Once you’ve established the technical parameters, you can start to play with design choices. 

Different color are a cheap and easy way to conform to or support your already established design.  Desperately looking to add visual interest? Check out patterned fabrics.

Are Blinds Still in Style

Blinds, like any other home fixture, respond to overall trends in home design. 

Currently, dark navy and gray are popular colors for Venetian blinds of all materials. Wood or faux wood blinds are a timeless classic that never goes out of style. 

Natural fabrics and products made with eco-conscious manufacturing methods have risen in popularity over the last decade, and that trend seems poised to continue. 

Like a dishwasher or washing machine, coverings are an essential part of a functional and comfortable modern home.  While features and design elements may change, the use of blinds as window coverings is here to stay.

Other alternatives are the numerous types of shades, curtains that are sized specifically for your windows or drapery that falls to the floor.

How to Wash Blinds

To thoroughly clean your blinds, you will need to take them out of their casings and find a bathtub. 

Swirl the slats around in warm water with some dish soap and baking soda, and then leave them to soak. 

After an hour, drain the water and wipe down any remaining dirt. You can dry them by laying them gently on a towel, or put them outside in the sun.

If you don’t have time for all that or don’t know how to take them down, don’t worry! A wet microfiber cloth will do the trick, it just requires a little more patience and elbow grease.  

Hold the bottom of the covering to stabilize it, and carefully wipe each slat. Vacuuming your slats once a month will keep dirt and dust from building up, making them easier to clean. 

Best Blinds for Living Room

Unlike the bedroom or the bathroom, privacy is not usually the most pressing concern in the living room.  And with no moisture to worry about, your options for living room treatments are unrestricted. 

The living room is a place to move past functionality and consider form.  What kind of feeling are you looking to create in the living room, and how can your choice of window covering support it?

Try to match your coverings with other materials used in the room, and use them to extend the choices you’ve made about design style, color, and mood. 

When in doubt, wood or faux wood blinds are always a safe choice for the living room.

Blinds to Use for Sliding Glass Doors

Blinds for sliding glass doors should be attractive and functional, while not impeding your use of the door. Horizontal slats are not suited to this purpose, although vertical designs may work well. 

Panel blinds, either interior or exterior, are a simple and easy way to provide shade and moderate the amount of light and heat entering the room.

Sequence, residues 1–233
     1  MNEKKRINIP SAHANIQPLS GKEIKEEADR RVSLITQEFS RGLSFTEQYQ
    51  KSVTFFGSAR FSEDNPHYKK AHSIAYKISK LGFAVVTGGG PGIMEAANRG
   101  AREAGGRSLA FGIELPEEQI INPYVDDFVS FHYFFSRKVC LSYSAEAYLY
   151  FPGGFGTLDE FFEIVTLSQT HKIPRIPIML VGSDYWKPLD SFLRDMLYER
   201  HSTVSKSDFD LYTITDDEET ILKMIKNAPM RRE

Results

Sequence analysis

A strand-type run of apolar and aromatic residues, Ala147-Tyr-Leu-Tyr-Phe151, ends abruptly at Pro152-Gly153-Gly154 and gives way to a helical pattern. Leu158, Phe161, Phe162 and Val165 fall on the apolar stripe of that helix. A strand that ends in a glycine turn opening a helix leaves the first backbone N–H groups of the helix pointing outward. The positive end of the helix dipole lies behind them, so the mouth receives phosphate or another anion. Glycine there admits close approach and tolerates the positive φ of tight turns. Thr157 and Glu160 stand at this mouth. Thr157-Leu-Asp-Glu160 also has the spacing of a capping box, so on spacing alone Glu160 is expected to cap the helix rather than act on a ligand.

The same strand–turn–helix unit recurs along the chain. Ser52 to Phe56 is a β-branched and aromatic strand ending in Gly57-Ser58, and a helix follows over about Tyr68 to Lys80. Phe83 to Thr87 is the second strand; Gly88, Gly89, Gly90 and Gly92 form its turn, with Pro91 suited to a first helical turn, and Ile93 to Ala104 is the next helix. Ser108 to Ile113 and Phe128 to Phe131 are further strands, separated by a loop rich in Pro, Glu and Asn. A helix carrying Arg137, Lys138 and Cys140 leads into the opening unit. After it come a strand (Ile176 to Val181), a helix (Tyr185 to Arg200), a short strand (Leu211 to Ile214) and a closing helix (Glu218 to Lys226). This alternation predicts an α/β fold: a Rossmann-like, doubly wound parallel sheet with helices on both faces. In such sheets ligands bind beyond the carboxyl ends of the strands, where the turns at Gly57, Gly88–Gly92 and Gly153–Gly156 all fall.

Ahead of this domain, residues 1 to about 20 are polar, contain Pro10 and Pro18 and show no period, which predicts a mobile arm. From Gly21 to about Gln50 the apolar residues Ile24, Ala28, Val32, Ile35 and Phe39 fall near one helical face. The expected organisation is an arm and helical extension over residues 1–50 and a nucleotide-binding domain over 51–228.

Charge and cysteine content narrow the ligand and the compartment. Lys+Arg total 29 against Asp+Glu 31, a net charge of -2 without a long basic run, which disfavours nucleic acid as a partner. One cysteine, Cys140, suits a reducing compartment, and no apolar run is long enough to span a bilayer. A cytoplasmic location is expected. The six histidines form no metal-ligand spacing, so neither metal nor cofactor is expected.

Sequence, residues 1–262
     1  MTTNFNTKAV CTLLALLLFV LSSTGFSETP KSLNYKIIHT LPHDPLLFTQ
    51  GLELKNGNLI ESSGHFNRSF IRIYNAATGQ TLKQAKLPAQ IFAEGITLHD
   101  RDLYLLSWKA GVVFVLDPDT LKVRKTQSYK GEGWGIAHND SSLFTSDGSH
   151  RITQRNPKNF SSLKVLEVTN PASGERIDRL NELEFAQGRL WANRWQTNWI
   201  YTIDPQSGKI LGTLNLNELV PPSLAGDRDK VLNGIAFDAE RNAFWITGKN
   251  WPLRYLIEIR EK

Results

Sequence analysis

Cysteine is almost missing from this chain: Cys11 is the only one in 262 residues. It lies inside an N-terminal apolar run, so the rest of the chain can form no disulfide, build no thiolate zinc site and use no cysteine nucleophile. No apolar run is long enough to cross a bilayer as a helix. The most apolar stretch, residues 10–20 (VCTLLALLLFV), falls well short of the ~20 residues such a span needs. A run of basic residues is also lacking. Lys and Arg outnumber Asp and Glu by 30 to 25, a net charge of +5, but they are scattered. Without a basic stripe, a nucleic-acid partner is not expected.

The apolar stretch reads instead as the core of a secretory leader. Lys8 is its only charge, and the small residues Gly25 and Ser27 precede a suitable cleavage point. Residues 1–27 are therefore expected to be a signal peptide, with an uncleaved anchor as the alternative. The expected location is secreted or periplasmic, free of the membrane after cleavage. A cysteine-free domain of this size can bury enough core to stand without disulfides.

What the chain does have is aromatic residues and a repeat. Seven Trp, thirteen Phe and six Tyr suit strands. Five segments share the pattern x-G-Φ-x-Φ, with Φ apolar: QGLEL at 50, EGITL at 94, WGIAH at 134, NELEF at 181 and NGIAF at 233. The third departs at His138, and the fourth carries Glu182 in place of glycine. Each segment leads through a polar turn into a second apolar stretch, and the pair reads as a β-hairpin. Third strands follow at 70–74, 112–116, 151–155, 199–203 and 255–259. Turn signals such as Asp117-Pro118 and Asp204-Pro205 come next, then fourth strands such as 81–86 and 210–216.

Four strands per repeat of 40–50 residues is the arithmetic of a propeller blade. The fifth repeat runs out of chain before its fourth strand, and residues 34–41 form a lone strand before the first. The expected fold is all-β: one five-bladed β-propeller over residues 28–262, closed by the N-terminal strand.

If temperature control is desired, thermal and solar shades are the best choice.

Blinds for the Bedroom

Plantation shutters in bedroom

A dark sleeping area is essential for deep, restful sleep.  The types you choose for your bedroom should complement the rest of the decor, and will ideally have light-blocking properties. 

Because the bedspread, quilt, or duvet cover you use is a major design element of the bedroom, consider how your collection of bed coverings will coordinate with your bedroom window treatment choice. 

If you like the look and light control properties of Venetian blinds, look for products without holes in the slats to keep your bedroom appropriately dark. 

Blackout shades and blinds come with an additional cost, but one that is absolutely worth it if you sometimes need to sleep during daylight hours. 

Finally, consider automatic shades that can be programmed to open around the time you want to get out of bed to simulate the sunrise and make it easier to shake off sleep.

If you are choosing styles for the large windows of a master bedroom you will probably want to go with vertical blinds for their reliability, usage and price. Some other options include using two panels of roller, or honeycomb styles with a side chain.

 Blinds for Large Windows

Large windows represent a significant source of heat loss during cold temperatures, making them an ideal place to use thermal fabric window treatments. 

Rather than horizontal, consider vertical orientation, which can be parted in the middle or pushed to one side when you want to see out of your large window. 

If visibility from the outside is your main concern, silhouette or sheers will let light in without compromising your privacy, although if the room is lit from within your shadow may be visible from the outside.

Another great solution for large windows is top-down/bottom-up shades, which can be adjusted to match your privacy and light preferences.

If your windows are large enough that it’s difficult to reach the top, automatic and remote controlled options can make your life significantly easier. 

Finally, if you have a wall made up of several large windows, panel blinds are both streamlined, attractive, and functional.